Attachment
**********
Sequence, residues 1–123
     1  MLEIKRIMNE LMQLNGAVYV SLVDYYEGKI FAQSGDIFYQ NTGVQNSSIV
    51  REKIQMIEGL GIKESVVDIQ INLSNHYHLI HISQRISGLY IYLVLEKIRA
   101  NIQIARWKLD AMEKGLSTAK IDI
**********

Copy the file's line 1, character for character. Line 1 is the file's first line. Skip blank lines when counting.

Sequence, residues 1–123